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Sliding Dovetail Bench Dawsonville GA

You can build this bench in a weekend or two. And once you’re set up to build one, multiples are no sweat. So don’t worry if you can’t decide whether this bench would look best in your front hall or at the foot of your bed—build two! If you build your bench from white oak, as I did, you’ll even be able to use it outdoors. I spent about $100 on lumber and another $25 for a dovetail router bit.

The Home Depot
(706)531-0046
801 Hwy 400 South
Dawsonville, GA
Hours
Mon-Sat: 6:00am-10:00pm
Sun: 8:00am-8:00pm

The Home Depot
(770)888-8135
1000 Market Pl Blvd
Cumming, GA
Hours
Mon-Sat: 6:00am-10:00pm
Sun: 8:00am-8:00pm

The Home Depot
(770)965-7877
5851 Spout Springs Rd
Flowery Branch, GA
Hours
Mon-Sat: 6:00am-10:00pm
Sun: 8:00am-8:00pm

Fastenal- Dawsonville
706-265-1278
30 Industrial Park Rd Suite 105 Dawsonville, GA, 30534
Dawsonville, GA
 
Kentec Megatools- Cumming
678-965-6797
3670 Hutchison Road, Suite D Cumming, GA, 30040
Cumming, GA
 
The Home Depot
(706)867-9618
140 Maxwell Lane
Dahlonega, GA
Hours
Mon-Sat: 6:00am-10:00pm
Sun: 8:00am-8:00pm

The Home Depot
(770)532-7395
924 Dawsonville Hwy
Gainesville, GA
Hours
Mon-Sat: 6:00am-10:00pm
Sun: 8:00am-8:00pm

The Home Depot
(770)831-5005
4120 Highway 20
Buford, GA
Hours
Mon-Sat: 6:00am-10:00pm
Sun: 8:00am-8:00pm

Dawsonville - Auth Hometown
(706) 265-1883
276 Hwy 400 North
Dawsonville, GA
Store Hours
Hometown Dealers
Store Type
Hometown Dealers
Hours
Mon:9.5-19
Tue:9.5-19
Wed:9.5-19
Thu:9.5-19
Fri:9.5-19
Sat:9.5-18.5
Sun:11-16
Store Features
Mon:9.5-19
Tue:9.5-19
Wed:9.5-19
Thu:9.5-19
Fri:9.5-19
Sat:9.5-18.5
Sun:11-16

Marble Hill Ace Hardware
(770) 893-4111
26 McCain Pass
Marble Hill, GA
 

Sliding Dovetail Bench

Sliding Dovetail Bench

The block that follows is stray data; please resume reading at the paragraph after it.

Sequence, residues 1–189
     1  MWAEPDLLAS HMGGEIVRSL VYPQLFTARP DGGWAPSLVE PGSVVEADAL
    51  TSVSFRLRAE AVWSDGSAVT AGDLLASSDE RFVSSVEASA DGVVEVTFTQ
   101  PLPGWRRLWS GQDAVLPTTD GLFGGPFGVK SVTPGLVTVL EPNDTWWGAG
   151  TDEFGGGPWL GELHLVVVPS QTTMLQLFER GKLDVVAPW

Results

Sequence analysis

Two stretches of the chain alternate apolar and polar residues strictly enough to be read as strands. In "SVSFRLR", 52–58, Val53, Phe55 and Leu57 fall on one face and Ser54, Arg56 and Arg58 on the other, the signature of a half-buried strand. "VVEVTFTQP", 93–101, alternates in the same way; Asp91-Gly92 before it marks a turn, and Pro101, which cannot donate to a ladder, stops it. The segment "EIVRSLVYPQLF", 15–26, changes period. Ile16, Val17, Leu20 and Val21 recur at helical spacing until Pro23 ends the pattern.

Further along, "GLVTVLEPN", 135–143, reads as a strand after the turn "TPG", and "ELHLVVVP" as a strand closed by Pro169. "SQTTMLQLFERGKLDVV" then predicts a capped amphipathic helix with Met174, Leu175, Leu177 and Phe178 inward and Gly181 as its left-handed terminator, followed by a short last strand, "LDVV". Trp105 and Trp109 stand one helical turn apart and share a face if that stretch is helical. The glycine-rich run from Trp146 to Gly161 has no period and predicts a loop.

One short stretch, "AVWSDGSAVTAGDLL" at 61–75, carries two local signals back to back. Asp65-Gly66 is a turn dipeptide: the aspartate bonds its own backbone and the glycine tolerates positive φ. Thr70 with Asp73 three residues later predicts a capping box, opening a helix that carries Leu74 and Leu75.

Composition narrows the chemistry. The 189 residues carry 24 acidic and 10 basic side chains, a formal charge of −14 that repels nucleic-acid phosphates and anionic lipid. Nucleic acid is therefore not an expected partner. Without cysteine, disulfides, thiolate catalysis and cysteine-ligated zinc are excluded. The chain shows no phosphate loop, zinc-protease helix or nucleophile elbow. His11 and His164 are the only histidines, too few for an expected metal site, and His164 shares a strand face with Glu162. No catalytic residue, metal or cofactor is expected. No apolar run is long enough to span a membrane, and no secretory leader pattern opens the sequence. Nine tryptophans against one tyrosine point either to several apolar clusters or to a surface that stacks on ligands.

Super-strong router joints give it elegant simplicity.

by Tim Johnson

This elegant bench has humble origins: Its forebears have been sat upon, stepped on and dragged about for centuries. Utilitarian ancestry is readily apparent in our bench. It features simple construction and strong interlocking joints. 

The pieces fit together like a puzzle, with sliding dovetails and half-lap joints. Sliding dovetails may sound difficult, but I’ll show you how to master this tricky joint with a simple jig, a router and a router table. 

The bench is sized so you can mill all the pieces with your 12-in. planer. I’ll show you how to cut perfectly fitting half-lap joints and how to make the tapered keys that fill the dovetail sockets.

You can build this bench in a weekend or two. And once you’re set up to build one, multiples are no sweat. So don’t worry if you can’t decide whether this bench would look best in your front hall or at the foot of your bed—build two! If you build your bench from white oak, as I did, you’ll even be able to use it outdoors. I spent about $100 on lumber and another $25 for a dovetail router bit (see Sources, below).

Prepare the Pieces

1. Glue up boards, if necessary, to make stock for the wide top (A, Fig. A, below) and legs (B). Plane this stock to final thickness, along with a piece for the rail (C). Mill extra stock for test cuts and the keys (D) to the same 1-1/8-in. thickness. Your stock must be dead flat when you rout, and also when you assemble the pieces, for the dovetail joints to fit well and slide smoothly. 

2. Rip the top, legs and rail to width; then crosscut the ends to length. Make sure the cuts are square.

Rout the Sliding Dovetails

3. Build the socket-routing jig (Fig. B, below). Use your top (A) to establish the width between the jig’s rails. To make sure the fences are spaced properly during assembly, fit a piece of scrap ripped to the proper width between them. 

4. Establish the dovetail sockets in the jig’s rails by setting the dovetail bit to 3/8 in. exposure and routing a test socket in extra stock. Mark the centers of the sockets in the rails.

5. Mark the socket locations on the edge of the top. Then position the jig by aligning the socket centerlines. Clamp the jig and the top securely to your workbench. Make sure the jig’s rails are flush with the top. If they protrude, the router base will catch on them and cause trouble.

6. Rout the sockets (Fig. A, Detail 1) in a clockwise loop, bearing against the left fence on the way out and the right fence on the way back (Photo 1). A dovetail bit with a 1/2-in. shank produces smooth, chatter-free results. If your dovetail bit has a 1/4-in. shank, rout clearance channels first, with a 1/4-in. straight bit.

7. Rout dovetails in the leg blanks on your router table, with a tall fence installed for support (Photo 2).

Click here to read the rest of the article from American Woodworker